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Lenka - Lenka

Lenka, Lenka

Review by Jack Foley

IndieLondon Rating: 3.5 out of 5

AUSTRALIAN singer Lenka has had a rich and varied career thus far. She studied with Cate Blanchett at drama school and then, as an actress, landed roles in films such as The Dish and Lost Things, before then becoming a popular children’s TV presenter.

She’s now turned to singing… and the results are pretty appealing. The Lenka sound is a hybrid of Regina Spektor, Lilly Allen and Kate Nash – that is to say, kooky, melodic and easy listening. If you like the background music on shows such as Grey’s Anatomy, Lenka easily fits into that sound category.

If there’s a criticism of the eponymous debut album, it’s that the singer doesn’t mix things up enough. Each song is an appealing blend of Lenka’s child-like vocals and shimmering, shiny melodies. It’s very poppy… albeit with the indie edge afforded by the Regina Spektor comparison.

But when she gets things right, she’s really very charming. Album highlight Trouble Is A Friend is a classic case in point… a scintillating blend of piano chords, snappy beats and alluring lyrics that you’ll want to keep revisiting. The chorus, in particular, is brilliantly delivered and highly addictive.

Album opener The Show, meanwhile, wastes no time in introducing the listener to Lenka’s innocent vocals. Ironically, the song takes a dour premise – that life is a show, and sometimes a pretty bad one – and delivers it with such aplomb that you can’t help but grin as it erupts into a bold, brassy closing refrain of “I want my money back!” It’s already featured on the soundtrack to Angus, Thongs & Perfect Snogging as well as Ugly Betty (proving the Grey‘s comment from earlier is not too far off the mark!).

Bring Me Down, meanwhile, begins amid a choir of Lenka’s before dropping a sassy back-beat and some typically feisty lyrics that again bemoan the hardships of life – albeit with a resolute determination not to let them bring her down. The Kate Nash comparisons are particularly relevant on this one.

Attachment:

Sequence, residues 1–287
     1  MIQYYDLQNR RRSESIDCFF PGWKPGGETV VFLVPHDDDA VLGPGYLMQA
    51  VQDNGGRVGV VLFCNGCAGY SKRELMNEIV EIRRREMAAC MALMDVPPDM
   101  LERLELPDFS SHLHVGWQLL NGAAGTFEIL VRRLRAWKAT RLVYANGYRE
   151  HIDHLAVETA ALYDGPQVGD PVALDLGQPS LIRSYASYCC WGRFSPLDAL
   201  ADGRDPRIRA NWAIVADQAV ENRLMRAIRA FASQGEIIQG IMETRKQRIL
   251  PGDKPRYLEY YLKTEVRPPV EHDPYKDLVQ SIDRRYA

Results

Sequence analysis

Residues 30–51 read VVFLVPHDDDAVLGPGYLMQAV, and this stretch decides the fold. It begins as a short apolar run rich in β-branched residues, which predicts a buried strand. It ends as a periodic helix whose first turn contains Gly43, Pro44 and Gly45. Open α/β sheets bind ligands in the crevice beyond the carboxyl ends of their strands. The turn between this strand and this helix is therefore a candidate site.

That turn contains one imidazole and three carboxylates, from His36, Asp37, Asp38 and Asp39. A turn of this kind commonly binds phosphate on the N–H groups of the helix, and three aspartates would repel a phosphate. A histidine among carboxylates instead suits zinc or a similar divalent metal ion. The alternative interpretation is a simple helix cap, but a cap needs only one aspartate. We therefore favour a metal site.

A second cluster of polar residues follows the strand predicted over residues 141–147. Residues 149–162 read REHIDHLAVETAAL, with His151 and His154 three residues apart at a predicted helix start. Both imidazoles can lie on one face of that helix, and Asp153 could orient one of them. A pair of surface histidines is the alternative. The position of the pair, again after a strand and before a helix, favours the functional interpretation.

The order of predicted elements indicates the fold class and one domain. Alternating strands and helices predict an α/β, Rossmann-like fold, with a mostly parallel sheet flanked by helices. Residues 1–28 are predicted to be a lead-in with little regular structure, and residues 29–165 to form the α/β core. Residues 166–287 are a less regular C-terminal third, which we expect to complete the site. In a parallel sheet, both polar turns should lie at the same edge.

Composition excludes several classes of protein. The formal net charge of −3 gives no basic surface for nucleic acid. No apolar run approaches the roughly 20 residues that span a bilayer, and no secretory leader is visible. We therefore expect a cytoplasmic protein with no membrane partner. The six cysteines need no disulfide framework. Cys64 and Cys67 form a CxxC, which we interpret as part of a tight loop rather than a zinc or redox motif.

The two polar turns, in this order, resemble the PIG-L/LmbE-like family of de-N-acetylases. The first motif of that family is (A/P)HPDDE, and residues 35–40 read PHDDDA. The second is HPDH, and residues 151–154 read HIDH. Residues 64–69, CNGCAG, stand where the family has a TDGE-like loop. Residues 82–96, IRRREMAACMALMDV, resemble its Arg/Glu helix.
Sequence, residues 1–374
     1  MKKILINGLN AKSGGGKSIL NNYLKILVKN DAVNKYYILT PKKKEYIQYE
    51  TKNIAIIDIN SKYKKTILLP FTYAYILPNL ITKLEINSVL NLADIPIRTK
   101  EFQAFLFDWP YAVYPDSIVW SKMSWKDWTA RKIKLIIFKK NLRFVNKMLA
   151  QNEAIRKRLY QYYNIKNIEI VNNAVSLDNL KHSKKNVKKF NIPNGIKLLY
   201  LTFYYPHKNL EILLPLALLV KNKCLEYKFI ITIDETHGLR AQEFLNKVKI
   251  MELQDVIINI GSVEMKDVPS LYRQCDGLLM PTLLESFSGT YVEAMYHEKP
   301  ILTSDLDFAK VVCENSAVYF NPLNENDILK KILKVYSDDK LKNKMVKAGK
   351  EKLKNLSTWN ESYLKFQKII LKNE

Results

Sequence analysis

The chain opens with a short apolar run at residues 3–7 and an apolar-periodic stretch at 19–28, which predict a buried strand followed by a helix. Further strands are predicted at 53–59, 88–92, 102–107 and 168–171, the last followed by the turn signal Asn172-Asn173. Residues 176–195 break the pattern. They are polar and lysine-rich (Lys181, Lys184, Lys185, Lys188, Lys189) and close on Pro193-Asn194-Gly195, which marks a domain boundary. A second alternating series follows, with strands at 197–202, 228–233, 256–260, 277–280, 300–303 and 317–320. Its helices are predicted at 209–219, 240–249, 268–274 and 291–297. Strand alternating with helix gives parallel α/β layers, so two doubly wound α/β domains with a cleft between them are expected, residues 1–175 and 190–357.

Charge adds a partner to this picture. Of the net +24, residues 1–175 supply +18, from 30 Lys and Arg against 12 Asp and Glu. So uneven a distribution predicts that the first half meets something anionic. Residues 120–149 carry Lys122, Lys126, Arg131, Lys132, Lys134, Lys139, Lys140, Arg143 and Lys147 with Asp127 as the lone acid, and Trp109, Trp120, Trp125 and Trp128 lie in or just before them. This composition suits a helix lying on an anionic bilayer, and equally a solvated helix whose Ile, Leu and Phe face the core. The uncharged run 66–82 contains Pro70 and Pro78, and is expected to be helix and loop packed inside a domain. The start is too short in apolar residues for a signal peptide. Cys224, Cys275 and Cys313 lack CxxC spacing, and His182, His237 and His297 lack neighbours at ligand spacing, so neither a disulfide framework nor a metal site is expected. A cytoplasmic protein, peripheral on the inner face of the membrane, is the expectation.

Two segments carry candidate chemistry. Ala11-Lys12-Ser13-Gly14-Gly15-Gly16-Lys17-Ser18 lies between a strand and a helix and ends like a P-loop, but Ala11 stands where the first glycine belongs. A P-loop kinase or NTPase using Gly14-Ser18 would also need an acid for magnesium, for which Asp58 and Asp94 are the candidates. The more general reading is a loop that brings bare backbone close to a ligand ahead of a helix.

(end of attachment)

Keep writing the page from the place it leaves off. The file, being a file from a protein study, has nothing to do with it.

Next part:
The breezy sounding Skipalong is actually a more serene offering, almost jazzy in vocal delivery, with some great horns drawn in over the chorus, while Don’t Let Me Fall nicely combines vocal vulnerability with kooky, breezy instrumentation.

The album then slips into a comfortable familiarity with songs like Anything I’m Not and Knock Knock sounding pretty ordinary… and a little too poppy with not enough kooky.

But Dangerous and Sweet picks things up again with its vaguely retro vibe, and then Trouble Is A Friend re-ignites things. The pensive Like A Song then finds her broadening her sound still further… it’s a haunting, even beguiling listen that strips away the chirpy pianos in favour of synthetic strings and oboe, and a vocal that’s so delicate it might break.

The pace is picked up again for the final offering, We Will Not Grow Old, a hopeful ode to a lifelong romance that serves as a nice follow-up to the thoughtfulness of Like A Song, and a breezy way to close the album. You’ll want to hear more…

Download picks: Like A Song, We Will Not Grow Old, The Show, Trouble Is A Friend, Bring Me Down

Track listing:

  1. The Show
  2. Bring Me Down
  3. Skipalong
  4. Don’t Let Me Fall
  5. Anything I’m Not
  6. Knock Knock
  7. Dangerous and Sweet
  8. Trouble Is a Friend
  9. Live Like You’re Dying
  10. Like a Song
  11. We Will Not Grow Old